Don’t waste a year’s work in a few weeks, when preparing for breeding

As the breeding season gets under way on most spring calving herds throughout the country, this is a good opportunity to brush up on some breeding management advice for this year.

In the final part of our three-part series with LIC Genetics – we focus on the critical time in the lead-up to the start of mating.

All the effort over the year in achieving BCS, nutrition and young stock management comes together now for the next 10 weeks to determine your calving rate in 2017.

Reproductive efficiency is a function of nutrition/intake, management, output and genetics. A high submission rate together with high conception rates is essential to maintain a 365 day calving interval and a high 6-week in calf rate.

Act now to increase submission rates

If you have completed pre-mating checks, 85% of the herd should have a pre-mating heat at the mating start date, all cows calved over 30 days and not seen in heat should be examined to assess cyclicity.

If pre-mating checks have not been completed then have at risk cows checked immediately, use records to identify all cows with increased risk of uterine infection, e.g., cows with difficult calving, retained placenta, or observed mucus discharge.

Straws. Photo O'Gorman Photography

It is estimated that on Irish dairy farms on average 20% of cows have a reproductive tract infection at the start of the breeding season.

These cows are slower to commence breeding, have a poorer chance of conceiving and are more likely to be in calf later or not at all.

Where concentrate supplements are needed, offer a high energy (UFL)/low protein ration based on digestible fibre/pulp-based ingredients.

Ensure that the mineral requirements are met through adequate supplementation via water/feed.

Controlling breeding costs

The focus this season is on controlling breeding/AI costs for your dairy herd. With average AI/breeding costs of €32 per cow, 3% of total costs, it is not one of the bigger costs on dairy farms.

Notwithstanding this, there is potential for a significant increase in profitability if a high 6-week incalf rate is achieved.

1. Select the best sires

Firstly, this investment must be made but make sure that you select the right team of AI sires for your herd.

Use high-reliability easy calving sires as this will have huge influence on not only your sanity through calving next year, but also the calving to first oestrus, 6-week in-calf rate, empty rate and retention rate of those animals in your herd.

2. Minimise AI costs

Minimise AI costs by working hard to increase conception rates, increasing conception rate to first service from 45% to 55% in a 100-cow herd will result in 20 fewer AI straws being used over nine weeks (and at €20 per straw a saving of €400).

Match the number of AI straws to be used to the number of heifers required to enter the herd in 2019, approximately 5.5 straws required to get this number of animals milking in 2019.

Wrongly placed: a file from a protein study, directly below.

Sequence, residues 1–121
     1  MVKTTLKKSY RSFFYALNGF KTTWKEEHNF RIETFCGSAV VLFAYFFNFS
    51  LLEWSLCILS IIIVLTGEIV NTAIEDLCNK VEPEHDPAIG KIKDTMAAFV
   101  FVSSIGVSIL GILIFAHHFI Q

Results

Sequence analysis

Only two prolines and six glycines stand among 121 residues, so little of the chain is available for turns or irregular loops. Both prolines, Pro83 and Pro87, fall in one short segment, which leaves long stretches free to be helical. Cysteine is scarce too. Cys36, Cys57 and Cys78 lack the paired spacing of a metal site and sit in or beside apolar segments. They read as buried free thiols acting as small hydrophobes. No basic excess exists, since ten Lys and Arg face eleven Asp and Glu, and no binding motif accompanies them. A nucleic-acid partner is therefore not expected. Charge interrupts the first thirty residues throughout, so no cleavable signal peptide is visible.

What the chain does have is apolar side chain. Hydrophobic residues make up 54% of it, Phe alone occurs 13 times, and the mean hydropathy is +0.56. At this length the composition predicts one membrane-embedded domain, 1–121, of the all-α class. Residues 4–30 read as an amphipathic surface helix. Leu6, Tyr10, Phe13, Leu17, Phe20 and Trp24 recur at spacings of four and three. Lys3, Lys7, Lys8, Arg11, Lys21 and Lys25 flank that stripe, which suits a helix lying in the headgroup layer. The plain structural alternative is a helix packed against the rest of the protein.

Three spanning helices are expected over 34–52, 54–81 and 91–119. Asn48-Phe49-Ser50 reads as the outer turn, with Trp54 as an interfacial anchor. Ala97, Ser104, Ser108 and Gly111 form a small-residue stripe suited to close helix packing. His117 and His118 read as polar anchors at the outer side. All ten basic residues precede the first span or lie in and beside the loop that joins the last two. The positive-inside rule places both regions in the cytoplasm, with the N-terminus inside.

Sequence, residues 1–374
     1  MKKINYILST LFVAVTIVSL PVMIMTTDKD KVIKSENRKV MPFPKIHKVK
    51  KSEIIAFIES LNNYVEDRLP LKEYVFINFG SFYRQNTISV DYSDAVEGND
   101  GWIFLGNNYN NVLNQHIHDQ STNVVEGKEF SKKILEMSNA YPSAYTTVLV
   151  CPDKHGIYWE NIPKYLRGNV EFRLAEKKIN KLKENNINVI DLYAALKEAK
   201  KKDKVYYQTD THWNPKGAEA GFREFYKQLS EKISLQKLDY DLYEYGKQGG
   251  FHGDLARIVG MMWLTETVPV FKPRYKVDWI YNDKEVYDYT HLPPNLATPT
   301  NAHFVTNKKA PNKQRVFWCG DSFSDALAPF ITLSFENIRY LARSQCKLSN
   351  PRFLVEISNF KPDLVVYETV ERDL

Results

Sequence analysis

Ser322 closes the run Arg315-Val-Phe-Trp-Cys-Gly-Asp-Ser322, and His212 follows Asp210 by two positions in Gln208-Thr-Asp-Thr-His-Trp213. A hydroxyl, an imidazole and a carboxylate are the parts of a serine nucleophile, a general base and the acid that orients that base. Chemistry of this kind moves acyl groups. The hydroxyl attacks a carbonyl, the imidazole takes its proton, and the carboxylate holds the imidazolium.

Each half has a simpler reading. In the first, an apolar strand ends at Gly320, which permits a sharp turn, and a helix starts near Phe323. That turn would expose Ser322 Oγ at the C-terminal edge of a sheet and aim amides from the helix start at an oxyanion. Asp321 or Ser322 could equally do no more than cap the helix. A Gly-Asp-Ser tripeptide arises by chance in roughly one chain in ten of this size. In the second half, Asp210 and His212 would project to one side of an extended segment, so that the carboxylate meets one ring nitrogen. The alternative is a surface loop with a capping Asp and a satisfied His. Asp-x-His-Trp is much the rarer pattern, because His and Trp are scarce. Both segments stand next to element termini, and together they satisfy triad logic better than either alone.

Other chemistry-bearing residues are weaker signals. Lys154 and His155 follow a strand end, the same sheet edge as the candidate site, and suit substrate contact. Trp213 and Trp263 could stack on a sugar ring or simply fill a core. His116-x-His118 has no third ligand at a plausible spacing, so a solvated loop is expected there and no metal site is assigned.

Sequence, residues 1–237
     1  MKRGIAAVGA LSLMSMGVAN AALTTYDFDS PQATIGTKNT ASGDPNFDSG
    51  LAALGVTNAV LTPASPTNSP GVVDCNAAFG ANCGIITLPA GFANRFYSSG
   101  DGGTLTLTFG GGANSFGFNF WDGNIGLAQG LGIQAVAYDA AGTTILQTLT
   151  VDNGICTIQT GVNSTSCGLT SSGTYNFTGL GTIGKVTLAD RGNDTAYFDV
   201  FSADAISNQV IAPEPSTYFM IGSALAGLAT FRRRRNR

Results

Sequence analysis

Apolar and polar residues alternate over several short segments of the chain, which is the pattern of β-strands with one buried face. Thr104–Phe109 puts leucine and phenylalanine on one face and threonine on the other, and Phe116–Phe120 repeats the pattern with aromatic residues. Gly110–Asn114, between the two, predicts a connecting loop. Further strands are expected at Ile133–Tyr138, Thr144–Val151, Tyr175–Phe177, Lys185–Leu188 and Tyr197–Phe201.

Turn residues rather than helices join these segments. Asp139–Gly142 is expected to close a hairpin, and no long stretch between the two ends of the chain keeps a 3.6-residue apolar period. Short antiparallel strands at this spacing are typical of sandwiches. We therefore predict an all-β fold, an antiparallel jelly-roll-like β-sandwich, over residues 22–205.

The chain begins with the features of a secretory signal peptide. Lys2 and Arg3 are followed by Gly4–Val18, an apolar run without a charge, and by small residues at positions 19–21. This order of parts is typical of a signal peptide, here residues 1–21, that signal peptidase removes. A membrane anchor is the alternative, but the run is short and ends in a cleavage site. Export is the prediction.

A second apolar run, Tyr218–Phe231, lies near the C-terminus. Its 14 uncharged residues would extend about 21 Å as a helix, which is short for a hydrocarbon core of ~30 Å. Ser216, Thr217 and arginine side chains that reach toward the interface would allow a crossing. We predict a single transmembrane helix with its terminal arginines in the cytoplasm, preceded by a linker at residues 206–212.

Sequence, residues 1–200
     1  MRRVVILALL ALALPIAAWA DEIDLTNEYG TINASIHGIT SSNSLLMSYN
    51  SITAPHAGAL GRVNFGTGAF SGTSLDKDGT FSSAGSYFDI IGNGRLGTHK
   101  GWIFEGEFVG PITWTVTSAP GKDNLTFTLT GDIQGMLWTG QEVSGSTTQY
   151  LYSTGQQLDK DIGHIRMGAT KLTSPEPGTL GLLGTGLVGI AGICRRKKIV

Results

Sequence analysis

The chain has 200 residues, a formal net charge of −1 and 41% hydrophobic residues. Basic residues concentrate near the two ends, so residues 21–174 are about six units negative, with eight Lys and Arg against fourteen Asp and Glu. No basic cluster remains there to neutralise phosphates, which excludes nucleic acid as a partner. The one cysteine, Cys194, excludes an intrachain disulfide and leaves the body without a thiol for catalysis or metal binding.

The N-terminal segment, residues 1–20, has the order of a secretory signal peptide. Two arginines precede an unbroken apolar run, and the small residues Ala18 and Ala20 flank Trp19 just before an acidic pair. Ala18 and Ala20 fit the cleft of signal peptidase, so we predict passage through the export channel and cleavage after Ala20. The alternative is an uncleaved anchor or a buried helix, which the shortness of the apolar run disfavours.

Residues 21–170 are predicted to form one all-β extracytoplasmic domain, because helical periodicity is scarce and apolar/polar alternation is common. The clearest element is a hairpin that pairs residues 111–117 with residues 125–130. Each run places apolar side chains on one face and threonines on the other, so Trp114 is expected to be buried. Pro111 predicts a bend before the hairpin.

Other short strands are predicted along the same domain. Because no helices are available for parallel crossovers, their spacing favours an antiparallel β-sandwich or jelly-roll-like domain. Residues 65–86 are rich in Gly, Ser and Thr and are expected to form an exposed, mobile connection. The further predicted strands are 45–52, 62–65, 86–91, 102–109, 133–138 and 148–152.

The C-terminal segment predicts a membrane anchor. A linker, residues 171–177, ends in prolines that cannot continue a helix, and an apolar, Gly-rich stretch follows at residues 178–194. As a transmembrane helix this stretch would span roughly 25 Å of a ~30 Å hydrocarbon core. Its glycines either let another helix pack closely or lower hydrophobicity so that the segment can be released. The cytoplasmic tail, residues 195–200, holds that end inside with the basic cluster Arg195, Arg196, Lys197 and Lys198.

Use beef AI on cows that are not suitable for providing replacement heifers, however, ensure that the beef AI sire is short gestation and easy calving.

3. Observation

For many years, dairy producers have relied on the a.m./p.m. rule for optimum conception rates. When following the rule, if a cow or heifer is in estrus in the morning (a.m.), she should be inseminated that afternoon (p.m.).

Likewise, if she is observed in estrus in the p.m., then she should be inseminated the following morning.

However, research shows there is no significant difference in conception rates between inseminations performed in the morning or afternoon when using the a.m./p.m rule.

4. Increase submission rate

Be careful where you observe cows, up to 50% of cows won’t show a standing heat when they’re on concrete.

Paddock checks are of great benefit throughout the breeding season, once the cows have been grazing for a minimum of two hours, head to the paddock.

Cows that are full will start to show signs of heat, and well-fed cows will show stronger, longer heats.

5. Use heat detection

Use heat detection aids that work for you and be vigilant throughout the whole mating period, not just the first 3 weeks. To get the best out of your spend, keep heat detection aids and/or tailpaint well maintained.

Take time to apply detectors correctly and check them regularly. Also, allocate time for touch ups and maintenance of aids throughout the AI period.

Scratch pads and heat patches can provide an additional aid to identify signs of heat. LIC “Bulls I” scratch pads are a market leading product, providing distinct identification for animals on heat.

These scratch pads are low cost, very simply applied and if placed correctly will not easily be removed. Remember a missed heat can cost as much as €250.

Easy calving bulls

This year for the first time, LIC is marketing Short Gestation Length (SGL) Hereford semen in Ireland.

Shrimptons Hill Herefords in New Zealand have joined forces with LIC in a single trait breeding programme for gestation length in the Herford breed.

The result is Hereford sires that are producing offspring calving over 6 days earlier than breed average. The value of the SGL Hereford product is two-fold.

aa lic 2
SFZ Savannahs HF Hammer S1F who is a daughter proven sire with over 95% reliability for ease of calving

Firstly, you have the “whitehead” beef calf which commands a premium price and secondly there is the advantage of cows calving earlier which means more days in milk and cows resuming cyclicity quicker.

SGL Hereford can be a useful breeding management tool for the latter part of the breeding season as it can reduce or eliminate the stock bull requirement and is a relatively cheap option for getting late cows back incalf for 2017.

For further enquiries on the availability of LIC SGL Hereford, contact your local LIC breeding advisor or visit LIC Ireland website.